Eric Schwartz


A process is outlined by which a hologram has been produced for use as an imaging device in a laser machining apparatus. Such a hologram has been termed a hololens. The hololens was initially produced by recording the interference between a coherent plane reference wave and an object wave which was produced by passing a plane wave through a transparency. The recording film was positioned at Brewster's angle and the laser light was polarized normal to the surface of the glass plate substrate in order to reduce optical noise caused by interference between the recording beams and their reflections. This hologram was then replicated on dichromated gelatin to produce a phase hologram of low noise, and diffraction efficiency of 28%. A second hologram of a pattern of spots was produced which delivered 33% of the incident energy to the real image distributed equally to the spots in the pattern. The results appear encouraging for the use of a hololens in laser machining applications.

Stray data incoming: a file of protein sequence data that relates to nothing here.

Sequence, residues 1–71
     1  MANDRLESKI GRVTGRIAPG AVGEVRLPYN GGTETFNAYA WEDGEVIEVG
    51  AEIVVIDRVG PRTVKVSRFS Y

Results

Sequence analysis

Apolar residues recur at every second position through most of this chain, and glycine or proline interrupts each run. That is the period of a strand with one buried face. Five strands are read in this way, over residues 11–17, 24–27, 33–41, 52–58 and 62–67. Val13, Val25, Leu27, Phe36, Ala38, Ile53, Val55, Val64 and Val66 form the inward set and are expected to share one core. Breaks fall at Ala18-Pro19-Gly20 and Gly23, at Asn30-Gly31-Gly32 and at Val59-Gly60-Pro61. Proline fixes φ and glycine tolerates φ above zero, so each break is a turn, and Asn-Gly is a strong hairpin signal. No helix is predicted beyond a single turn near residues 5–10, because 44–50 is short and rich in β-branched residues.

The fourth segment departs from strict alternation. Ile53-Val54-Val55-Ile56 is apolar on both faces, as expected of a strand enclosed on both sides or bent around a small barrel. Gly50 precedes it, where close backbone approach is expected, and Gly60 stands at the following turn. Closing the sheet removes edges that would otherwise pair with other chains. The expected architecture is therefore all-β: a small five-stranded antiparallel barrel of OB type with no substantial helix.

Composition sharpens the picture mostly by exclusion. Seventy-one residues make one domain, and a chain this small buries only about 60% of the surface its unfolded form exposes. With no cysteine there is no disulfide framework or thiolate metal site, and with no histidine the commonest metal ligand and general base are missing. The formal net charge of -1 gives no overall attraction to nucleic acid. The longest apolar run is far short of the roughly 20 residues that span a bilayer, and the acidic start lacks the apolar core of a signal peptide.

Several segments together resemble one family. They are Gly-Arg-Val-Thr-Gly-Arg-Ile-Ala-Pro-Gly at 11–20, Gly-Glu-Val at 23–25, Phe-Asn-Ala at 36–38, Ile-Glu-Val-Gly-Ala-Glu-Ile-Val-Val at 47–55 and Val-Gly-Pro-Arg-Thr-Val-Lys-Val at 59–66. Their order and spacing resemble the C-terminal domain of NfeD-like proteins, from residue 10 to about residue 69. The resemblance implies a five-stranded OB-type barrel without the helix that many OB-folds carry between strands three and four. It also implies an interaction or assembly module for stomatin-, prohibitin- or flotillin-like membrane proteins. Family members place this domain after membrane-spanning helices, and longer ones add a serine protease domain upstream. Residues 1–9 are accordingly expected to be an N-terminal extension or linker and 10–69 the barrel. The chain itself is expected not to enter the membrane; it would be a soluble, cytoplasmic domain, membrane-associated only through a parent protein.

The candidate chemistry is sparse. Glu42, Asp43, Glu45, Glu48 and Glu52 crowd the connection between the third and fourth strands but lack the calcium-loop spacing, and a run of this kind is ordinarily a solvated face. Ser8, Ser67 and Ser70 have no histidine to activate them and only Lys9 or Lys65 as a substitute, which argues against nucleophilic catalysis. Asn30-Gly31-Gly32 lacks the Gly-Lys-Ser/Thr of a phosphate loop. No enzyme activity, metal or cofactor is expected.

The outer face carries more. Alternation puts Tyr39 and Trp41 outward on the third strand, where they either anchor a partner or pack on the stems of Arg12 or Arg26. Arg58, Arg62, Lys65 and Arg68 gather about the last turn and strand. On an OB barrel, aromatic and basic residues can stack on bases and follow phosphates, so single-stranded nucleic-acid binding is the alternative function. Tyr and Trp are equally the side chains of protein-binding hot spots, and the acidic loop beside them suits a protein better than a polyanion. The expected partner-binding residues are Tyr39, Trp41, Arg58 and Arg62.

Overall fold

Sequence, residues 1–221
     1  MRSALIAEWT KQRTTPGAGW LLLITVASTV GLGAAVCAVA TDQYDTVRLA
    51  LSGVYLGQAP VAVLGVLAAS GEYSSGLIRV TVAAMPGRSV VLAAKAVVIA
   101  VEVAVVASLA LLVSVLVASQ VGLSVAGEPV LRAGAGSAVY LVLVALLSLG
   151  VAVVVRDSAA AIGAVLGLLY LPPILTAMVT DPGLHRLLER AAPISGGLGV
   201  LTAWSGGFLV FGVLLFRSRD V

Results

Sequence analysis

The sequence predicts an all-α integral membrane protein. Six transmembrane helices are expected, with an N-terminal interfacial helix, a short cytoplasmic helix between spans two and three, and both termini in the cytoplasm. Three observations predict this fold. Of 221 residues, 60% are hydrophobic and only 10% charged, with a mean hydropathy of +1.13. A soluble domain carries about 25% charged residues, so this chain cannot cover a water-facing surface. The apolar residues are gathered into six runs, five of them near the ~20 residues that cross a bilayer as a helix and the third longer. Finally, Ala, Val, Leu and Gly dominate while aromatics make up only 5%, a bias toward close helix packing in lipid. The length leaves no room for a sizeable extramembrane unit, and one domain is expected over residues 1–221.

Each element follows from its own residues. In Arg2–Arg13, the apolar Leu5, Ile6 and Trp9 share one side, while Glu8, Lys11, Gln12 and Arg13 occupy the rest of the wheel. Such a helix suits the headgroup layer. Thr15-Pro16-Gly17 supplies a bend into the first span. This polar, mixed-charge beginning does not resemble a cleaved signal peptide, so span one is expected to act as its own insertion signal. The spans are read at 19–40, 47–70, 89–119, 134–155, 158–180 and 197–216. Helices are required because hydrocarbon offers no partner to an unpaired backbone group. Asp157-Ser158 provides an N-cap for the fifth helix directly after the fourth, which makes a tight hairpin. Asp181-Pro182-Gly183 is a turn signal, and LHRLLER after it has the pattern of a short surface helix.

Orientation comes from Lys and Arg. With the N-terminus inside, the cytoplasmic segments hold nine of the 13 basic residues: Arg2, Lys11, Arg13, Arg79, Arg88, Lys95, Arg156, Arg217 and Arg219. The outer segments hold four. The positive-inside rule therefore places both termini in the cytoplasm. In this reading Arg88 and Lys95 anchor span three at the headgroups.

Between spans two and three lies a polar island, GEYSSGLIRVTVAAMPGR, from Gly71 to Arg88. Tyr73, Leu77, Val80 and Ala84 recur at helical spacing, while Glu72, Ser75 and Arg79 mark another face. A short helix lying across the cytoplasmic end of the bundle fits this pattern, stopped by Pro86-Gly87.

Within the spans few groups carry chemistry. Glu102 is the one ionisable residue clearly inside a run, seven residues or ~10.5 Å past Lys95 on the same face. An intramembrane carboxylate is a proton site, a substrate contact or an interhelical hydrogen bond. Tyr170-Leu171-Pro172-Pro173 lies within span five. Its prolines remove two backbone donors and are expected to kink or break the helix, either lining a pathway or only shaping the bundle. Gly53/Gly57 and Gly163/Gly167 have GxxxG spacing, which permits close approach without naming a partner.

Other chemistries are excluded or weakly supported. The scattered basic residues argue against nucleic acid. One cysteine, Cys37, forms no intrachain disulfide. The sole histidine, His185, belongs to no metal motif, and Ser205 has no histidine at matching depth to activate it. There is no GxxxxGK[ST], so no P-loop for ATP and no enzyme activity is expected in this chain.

Library of Congress Subject Headings

Electrooptical devices; Lasers; Holography

Publication Date


Document Type


Department, Program, or Center

School of Photographic Arts and Sciences (CIAS)


Abouelata, M.

Advisor/Committee Member

Carson, J.


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